4. Nevertheless, dress to impress.
One thing that is always true about any Houston event, you get all kinds. Our cowboy roots tend to make us think that jeans are always appropriate regardless of the type of event. I am not saying that jeans aren’t okay at these events, just saying that you shouldn’t dress down for an opening. However, going over the top will make you look like a pretentious jerk; which is not the first impression you want to make with anyone in the gallery. You will see these people at other openings at the gallery you’re visiting, as well as, other galleries around town. Don’t let their first impression of you be that of a snooty idiot. What Houstonians lack in pretentiousness, they more than make up for in gossipping.
Guys, go with a button up (or a nice t-shirt)Â with jeans and a blazer. Ladies, avoid the stringy tops, unless you have a jacket. Jeans are great, but if you have a cute dress to show off, this is THE NIGHT to bring it. The Golden Rule? Always remember that people are coming to the gallery to see the art on the walls, not on you. While it is generally nice for people to notice you, that is not the way to get noticed at a gallery. The artist and gallery owners are generally the only people who can and will break this rule.
Nikole and I have attended a couple openings now at Bering & James. There is one gentleman we have nicknamed Steve Perry for his Journey-esque hairstyle. This is one of the best parts of these openings; looking at the other people. Inevitably, there will always be a few people who either disregard the rule or flout it with admirable flair. Until you are a big time art collector, you need to keep a lower profile, and obey the rule.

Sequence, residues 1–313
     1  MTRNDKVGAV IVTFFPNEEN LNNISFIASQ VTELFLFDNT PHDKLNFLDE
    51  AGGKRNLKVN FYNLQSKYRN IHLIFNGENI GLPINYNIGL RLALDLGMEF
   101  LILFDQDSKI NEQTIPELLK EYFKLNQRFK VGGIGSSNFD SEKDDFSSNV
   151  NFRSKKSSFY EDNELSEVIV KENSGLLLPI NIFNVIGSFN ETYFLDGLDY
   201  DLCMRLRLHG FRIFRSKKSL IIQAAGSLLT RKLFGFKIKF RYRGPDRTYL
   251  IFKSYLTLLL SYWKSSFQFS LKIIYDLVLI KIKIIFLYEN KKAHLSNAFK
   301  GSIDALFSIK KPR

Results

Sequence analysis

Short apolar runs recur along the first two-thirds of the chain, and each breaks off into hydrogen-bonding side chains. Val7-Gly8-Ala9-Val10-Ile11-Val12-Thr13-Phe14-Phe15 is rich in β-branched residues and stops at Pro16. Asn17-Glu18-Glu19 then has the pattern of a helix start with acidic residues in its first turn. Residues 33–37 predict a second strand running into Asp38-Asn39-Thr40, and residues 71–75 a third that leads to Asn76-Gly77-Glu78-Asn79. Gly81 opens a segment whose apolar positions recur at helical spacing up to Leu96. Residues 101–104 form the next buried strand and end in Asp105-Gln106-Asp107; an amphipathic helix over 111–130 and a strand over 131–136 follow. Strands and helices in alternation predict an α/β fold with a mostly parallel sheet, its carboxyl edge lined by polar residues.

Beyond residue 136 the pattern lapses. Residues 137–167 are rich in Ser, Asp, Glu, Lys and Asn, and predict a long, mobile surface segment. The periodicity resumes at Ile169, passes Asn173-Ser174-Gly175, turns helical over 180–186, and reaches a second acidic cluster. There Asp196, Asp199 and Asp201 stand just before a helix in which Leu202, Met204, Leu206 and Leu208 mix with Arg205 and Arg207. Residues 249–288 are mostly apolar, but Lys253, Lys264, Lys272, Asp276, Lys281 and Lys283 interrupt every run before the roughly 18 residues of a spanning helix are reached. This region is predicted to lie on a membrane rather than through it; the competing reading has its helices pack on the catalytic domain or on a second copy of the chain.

5. The wine is free, but this isn’t Cheers, Norm.
Make sure you don’t come off as one of those people who is there for the free wine. NOT a good way to go. Have no more than two glasses at the opening. If you start hitting the free booze hard, people will notice and, even worse, you’ll start to get sloppy. This is a surefire way to get yourself OFF the mailing list. Generally speaking, you’ll probably not have the need to stay at the gallery much longer than it takes to drink one glass anyway.
6. Get in and get out.
Unless you are a collector or close personal friend of the gallery owner(s), I advise you get in, see the art, say hi to the people you know, drink some wine and get the hell out of there. Unless you get into some conversation with new and interesting people, I wouldn’t recommend spending more than 30-45 minutes at an opening. That said . . .
7. An opening does not make an evening.
Always have plans after the opening. Even if it is as simple as going somewhere to talk about the art, gallery and people, make sure you make the gallery opening your evening opening. This will also be helpful in keeping you from lingering too long.
In my next post: A short list of galleries you should get to know.